My earliest, earliest memories include staring at a black screen with moving green objects and fiddling earnestly with a yellowing mouse. I suspect it was Space Invaders. Fast forward a little further and we have cowboys? I think those were cowboys. I recall shooting at them. If you want to talk about earliest coherent memory, that's probably a toss-up between beating the pre-set high score in Tetris and waddling right up to the screen to shoot at poultry in Duck Hunt. Blindly shotgunning everything seems to be a recurrent theme. Hmm.
One day my parents went to a Maple Leafs game and came home with a Colecovision. That Colecovision and its accompanying game, Donkey Kong, formed my very first gaming experience.
The Coleco rendition of Donkey Kong frightened me. It sounds silly, but I was around four at the time and easily spooked (I come from a jumpy generation. It's a consequence of growing up during a time when an episode of Sesame Street could segue into the Emergency Broadcast System's alien shriek).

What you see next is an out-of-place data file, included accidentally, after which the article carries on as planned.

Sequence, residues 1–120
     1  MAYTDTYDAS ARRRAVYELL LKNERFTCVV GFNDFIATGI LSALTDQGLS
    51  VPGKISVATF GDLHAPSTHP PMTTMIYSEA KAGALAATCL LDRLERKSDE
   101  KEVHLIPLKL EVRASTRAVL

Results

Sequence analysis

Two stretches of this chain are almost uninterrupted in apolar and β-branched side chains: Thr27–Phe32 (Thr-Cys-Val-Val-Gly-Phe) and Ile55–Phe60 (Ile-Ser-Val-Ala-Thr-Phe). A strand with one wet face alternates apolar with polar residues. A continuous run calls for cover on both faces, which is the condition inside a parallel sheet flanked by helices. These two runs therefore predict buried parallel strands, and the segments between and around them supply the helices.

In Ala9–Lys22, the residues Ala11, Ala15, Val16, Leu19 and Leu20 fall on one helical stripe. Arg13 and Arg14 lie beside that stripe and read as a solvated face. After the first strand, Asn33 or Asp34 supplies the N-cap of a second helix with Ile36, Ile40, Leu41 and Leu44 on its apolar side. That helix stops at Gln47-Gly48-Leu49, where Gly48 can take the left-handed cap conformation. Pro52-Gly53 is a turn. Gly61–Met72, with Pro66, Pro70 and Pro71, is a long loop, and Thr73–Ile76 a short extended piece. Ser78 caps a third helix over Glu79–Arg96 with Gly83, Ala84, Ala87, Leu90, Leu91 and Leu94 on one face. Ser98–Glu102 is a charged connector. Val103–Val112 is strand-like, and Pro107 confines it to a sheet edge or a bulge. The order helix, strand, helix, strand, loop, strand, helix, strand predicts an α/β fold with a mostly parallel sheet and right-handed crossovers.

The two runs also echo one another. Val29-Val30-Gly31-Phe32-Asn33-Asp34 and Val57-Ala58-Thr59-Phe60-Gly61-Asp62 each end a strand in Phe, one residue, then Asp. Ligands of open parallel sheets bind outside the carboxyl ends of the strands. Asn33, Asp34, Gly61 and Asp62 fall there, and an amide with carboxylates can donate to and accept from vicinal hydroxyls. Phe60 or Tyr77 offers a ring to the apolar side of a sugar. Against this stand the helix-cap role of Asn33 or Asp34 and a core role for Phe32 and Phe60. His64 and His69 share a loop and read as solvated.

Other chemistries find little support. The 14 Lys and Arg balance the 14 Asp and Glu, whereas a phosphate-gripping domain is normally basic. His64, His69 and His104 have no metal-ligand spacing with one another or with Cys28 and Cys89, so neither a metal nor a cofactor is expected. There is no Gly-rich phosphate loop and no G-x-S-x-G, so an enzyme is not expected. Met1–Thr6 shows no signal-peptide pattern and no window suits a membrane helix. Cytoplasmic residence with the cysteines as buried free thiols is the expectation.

The Coleco rendition of Donkey Kong frightened me. It sounds silly, but I was around four at the time and easily spooked. I come from a jumpy generation.Nadia
Obviously, I know now Donkey Kong has always been a clownish, lovable doof, but take a look at his Colecovision rendition. DK's eyes are two beady pixels on a deathly white face that's slashed with a deep scowl. There's no opening animation, nor are there any cinemas between levels. Aside from jerkily throwing barrels in the first level, Donkey Kong doesn't move - and if you touch him, you die. Even looking at Coleco DK now, years later, he still comes off as sinister.